Really Sad Songs That Inspire Us

I remember holding on to you.
All them long and lonely nights I put you through.
Somewhere in there I'm sure I made you cry.
But I can't remember if we said goodbye.
 Steve Earle, Goodbye.
Steve Earle's Goodbye is a dark, anguished and almost apologetic ballad written for his (fifth) ex-wife Teresa. Their four-year marriage was marked by Earle's drug and alcohol abuse, and the song highlighted Earle's 1995 Train A Comin' album, his first release after the couple's divorce and his drug rehab stint and 4½-month forced respite in a Tennessee correctional institution.
 That same year, Emmylou Harris recorded Goodbye for her seminal Wrecking Ball album. In an interview with the Citizen nearly a decade later, Harris, whom Salon magazine once described as "the diva of loss," recalled it as the saddest and loneliest song she knew.
 "That song evokes so much longing and regret that it almost breaks my heart," she said. "Even now when I sing it, it just brings up so much in me. It's a transcendent song for all the missed opportunities that we've had, all the things we never said, all the regrets that we have."
 "There are a million stories inside that song," she continued. "It could relate to anyone. As someone who's drawn to the very, very deeply sad songs, there's something about the melody and the simplicity of the words that I find completely irresistible."
 So while many people will surely cosy up on Monday -- Valentine's Day -- to the Hallelujah chorus from Handel's Messiah or Sonny and Cher's I Got You Babe or, worse still, just about any of Stevie Wonder's insipidly jaunty tunes -- I Just Called To Say I Love You, for example, or You Are the Sunshine of My Life (the sonic equivalent of Hallmark cards for those with severe head trauma) -- others will just as surely pass their evening picking and poking at old ardour-induced scabs and wounds.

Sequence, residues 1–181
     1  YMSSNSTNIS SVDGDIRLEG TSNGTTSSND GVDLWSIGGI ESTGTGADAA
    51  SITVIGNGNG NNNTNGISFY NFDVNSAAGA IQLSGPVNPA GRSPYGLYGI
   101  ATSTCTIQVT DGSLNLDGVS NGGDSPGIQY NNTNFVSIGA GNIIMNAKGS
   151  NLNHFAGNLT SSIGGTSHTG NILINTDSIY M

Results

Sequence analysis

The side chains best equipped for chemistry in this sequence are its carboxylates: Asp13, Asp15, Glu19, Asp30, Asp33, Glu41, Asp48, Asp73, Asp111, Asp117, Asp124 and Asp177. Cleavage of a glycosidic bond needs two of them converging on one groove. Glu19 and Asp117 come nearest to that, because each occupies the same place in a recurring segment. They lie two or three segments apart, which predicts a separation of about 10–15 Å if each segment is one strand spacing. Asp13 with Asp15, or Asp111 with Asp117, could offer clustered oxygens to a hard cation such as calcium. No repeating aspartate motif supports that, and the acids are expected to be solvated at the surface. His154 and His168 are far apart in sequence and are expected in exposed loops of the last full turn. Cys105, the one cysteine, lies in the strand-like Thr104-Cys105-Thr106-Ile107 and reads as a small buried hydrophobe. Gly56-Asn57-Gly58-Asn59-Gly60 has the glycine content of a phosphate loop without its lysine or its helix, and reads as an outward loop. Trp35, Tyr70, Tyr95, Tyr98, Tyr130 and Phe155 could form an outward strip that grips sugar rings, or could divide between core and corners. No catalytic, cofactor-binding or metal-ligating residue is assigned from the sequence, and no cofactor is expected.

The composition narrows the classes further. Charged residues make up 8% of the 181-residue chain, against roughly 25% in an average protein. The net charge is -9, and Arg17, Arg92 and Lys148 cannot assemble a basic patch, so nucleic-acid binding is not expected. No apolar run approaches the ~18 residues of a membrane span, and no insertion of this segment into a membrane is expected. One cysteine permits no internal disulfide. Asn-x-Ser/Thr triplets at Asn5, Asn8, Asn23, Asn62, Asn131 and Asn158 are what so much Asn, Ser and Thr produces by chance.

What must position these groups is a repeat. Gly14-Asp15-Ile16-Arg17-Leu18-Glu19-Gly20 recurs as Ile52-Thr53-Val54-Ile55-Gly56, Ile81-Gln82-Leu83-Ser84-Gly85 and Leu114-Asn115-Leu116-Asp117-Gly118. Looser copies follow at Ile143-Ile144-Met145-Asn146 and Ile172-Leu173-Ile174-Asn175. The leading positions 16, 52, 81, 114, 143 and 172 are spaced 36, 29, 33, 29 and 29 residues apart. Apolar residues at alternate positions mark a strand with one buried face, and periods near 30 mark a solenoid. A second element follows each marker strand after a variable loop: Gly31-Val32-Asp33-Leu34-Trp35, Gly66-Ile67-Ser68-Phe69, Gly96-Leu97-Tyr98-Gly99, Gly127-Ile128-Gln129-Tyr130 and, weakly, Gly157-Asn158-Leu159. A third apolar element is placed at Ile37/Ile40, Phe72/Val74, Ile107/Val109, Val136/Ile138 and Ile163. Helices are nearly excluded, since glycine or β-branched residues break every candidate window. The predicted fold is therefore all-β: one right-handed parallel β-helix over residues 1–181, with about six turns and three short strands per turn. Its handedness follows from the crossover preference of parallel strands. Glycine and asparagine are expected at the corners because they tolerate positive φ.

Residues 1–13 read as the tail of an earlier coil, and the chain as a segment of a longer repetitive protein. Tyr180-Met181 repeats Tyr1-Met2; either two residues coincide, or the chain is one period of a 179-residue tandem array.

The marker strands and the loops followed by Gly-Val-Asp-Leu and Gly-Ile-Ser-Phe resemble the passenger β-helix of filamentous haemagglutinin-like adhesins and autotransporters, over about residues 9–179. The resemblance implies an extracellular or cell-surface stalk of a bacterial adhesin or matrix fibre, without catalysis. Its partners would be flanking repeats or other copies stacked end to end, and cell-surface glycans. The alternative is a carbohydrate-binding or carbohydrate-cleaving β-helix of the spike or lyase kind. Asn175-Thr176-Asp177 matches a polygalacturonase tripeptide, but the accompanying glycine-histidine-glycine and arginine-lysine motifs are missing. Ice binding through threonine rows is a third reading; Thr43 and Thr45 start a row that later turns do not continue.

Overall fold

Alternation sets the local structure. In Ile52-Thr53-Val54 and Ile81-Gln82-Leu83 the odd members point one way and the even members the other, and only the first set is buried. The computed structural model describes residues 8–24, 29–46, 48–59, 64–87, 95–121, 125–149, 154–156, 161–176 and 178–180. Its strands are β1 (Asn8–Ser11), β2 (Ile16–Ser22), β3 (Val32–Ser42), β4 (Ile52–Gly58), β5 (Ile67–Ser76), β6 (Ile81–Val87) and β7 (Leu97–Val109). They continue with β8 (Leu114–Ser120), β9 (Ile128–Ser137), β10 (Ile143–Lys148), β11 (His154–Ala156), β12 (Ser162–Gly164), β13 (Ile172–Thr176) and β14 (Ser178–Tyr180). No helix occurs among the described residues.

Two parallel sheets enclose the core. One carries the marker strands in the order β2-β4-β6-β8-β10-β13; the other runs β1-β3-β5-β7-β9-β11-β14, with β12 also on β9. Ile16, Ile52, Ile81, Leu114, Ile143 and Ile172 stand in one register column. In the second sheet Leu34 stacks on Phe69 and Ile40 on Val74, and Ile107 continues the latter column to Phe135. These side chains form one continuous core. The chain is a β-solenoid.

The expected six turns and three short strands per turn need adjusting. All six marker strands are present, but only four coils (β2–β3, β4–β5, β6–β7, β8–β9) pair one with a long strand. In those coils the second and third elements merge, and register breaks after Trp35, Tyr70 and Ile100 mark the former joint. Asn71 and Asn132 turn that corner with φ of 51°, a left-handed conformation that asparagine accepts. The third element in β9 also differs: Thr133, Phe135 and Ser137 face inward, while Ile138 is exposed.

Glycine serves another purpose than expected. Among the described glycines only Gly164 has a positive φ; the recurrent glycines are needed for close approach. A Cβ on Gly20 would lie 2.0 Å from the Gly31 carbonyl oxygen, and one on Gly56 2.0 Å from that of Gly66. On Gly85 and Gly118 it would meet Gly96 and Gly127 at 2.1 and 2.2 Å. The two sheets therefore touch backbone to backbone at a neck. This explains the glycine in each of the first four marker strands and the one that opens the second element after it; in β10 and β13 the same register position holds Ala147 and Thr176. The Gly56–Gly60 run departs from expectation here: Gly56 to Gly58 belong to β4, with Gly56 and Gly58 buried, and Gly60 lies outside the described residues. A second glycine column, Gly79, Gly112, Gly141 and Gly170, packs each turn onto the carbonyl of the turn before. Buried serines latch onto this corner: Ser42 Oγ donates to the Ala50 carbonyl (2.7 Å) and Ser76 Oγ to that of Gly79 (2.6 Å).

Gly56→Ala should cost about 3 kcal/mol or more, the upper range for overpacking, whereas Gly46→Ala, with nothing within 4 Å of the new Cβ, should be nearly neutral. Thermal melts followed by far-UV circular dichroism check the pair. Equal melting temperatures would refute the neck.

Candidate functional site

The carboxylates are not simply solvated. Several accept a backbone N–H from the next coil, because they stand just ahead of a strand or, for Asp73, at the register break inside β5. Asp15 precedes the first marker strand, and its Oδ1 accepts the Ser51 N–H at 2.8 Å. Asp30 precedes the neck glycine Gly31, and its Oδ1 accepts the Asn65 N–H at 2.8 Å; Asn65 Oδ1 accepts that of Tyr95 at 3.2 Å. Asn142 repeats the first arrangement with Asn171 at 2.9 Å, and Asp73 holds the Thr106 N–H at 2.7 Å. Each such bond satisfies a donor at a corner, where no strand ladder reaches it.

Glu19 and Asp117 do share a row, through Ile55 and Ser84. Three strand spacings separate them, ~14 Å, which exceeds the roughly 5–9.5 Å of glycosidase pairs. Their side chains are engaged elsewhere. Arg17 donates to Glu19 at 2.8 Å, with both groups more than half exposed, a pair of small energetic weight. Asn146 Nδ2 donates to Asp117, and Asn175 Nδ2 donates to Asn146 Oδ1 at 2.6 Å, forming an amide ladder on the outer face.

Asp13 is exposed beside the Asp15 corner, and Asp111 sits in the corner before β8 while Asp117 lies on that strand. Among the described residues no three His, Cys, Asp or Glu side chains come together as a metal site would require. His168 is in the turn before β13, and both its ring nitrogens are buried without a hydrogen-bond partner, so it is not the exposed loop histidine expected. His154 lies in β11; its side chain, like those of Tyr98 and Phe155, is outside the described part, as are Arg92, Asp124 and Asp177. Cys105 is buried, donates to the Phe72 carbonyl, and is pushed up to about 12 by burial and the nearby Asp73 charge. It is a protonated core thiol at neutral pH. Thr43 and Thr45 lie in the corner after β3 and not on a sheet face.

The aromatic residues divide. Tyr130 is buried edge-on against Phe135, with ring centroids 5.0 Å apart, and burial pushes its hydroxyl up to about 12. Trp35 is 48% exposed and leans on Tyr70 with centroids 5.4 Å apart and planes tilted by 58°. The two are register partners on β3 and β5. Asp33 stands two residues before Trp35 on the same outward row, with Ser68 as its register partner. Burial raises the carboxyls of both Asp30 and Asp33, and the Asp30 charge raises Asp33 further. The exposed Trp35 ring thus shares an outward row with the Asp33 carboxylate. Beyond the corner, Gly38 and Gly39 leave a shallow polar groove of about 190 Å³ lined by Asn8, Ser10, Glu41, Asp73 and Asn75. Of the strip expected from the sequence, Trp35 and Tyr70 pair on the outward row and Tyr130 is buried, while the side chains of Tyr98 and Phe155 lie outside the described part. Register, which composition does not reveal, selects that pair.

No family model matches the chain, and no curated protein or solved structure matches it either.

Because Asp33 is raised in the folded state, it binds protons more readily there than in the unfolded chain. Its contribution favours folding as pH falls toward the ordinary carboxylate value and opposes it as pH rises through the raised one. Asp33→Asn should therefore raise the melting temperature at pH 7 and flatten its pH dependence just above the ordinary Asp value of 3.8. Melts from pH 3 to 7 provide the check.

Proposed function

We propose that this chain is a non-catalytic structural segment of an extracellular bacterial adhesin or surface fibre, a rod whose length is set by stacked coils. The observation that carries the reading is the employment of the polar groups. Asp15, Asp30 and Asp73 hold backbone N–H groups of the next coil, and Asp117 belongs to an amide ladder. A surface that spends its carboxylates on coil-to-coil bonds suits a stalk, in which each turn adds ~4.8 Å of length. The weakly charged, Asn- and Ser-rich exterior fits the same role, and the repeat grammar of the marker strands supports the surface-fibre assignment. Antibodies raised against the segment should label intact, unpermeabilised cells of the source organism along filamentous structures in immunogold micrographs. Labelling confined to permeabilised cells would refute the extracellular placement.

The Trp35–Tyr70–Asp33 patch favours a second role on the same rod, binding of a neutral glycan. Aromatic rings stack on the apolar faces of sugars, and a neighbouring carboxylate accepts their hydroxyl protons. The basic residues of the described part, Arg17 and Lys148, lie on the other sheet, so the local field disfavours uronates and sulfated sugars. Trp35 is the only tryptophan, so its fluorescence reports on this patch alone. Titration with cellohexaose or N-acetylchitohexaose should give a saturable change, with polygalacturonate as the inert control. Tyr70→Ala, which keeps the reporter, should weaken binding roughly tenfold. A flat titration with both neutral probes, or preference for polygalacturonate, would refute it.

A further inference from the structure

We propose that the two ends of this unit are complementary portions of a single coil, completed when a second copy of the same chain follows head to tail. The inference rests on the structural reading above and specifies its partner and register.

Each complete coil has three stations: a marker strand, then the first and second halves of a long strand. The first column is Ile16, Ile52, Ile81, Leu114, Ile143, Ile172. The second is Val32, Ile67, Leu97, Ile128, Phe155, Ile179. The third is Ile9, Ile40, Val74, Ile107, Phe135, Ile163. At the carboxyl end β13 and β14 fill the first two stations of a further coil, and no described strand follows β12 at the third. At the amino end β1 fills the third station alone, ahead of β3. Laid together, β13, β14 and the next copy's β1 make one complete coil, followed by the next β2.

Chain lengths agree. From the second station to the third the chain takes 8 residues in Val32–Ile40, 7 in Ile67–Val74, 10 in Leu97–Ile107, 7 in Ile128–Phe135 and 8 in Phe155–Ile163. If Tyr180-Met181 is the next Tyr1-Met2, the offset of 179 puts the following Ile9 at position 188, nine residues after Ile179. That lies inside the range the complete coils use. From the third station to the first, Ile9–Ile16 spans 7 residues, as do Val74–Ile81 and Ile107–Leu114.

Because face it; there's little that can move a soul the way a really sad song does. Take a tale of failed, forbidden or unrequited love, set it to a minor key, play it low and long and add some strings. And mean it. In his book The World in Six Songs: How the Musical Brain Created Human Nature, Mc-Gill University research scientist Daniel J. Levitin explains that sad songs are comfort music, letting us know that we're not alone, that our sorrows are not unique.
 Additionally, on a physiological level, our bodies release prolactin, a tranquilizing hormone, when we're sad. Musicologist David Huron, writes Levitin, notes that sad music tricks listeners' brains into releasing the hormone, thus improving their moods.


This 1980 hit by George Jones ( "A four-decade career had been salvaged by a three-minute song," Jones once said of the song) is about a man who tells his ex he'll love her until the day he dies. She replies that he'll eventually forget her, but no, he keeps her picture on the wall and old love letters by the bed, hoping she'll come back. Eventually he dies, and so can finally stop loving her.

He Stopped Loving Her Today
George Jones
MP3 Audio File 7.7 MB

GOODBYE - Steve Earle

In this spare ballad written for his fifth ex-wife, Teresa, Earle admits he recalls all the drunken and drugged-out nights spent in Mexico, but not whether he said goodbye when they split up. While swimming through Earle's catalogue, listeners might also want to try Valentine's Day. It's not about heartbreak or loss, but a sad story of someone who forgot the day, and couldn't afford a gift anyway: "I come to you with empty hands/ I guess I just forgot again/ I only got my love to send/ On Valentine's Day."

LAST KISS - Pearl Jam

Eddie Vedder's 1998 remake of Wayne Cochran's 1961 pop hit brings a welcome growling desperation to the tragic tale of a teen romance ended by a car accident. "Oh where, oh where, can my baby be?" sings Vedder. "The Lord took her away from me. She's gone to heaven, so I've got to be good, so I can see my baby when I leave this world."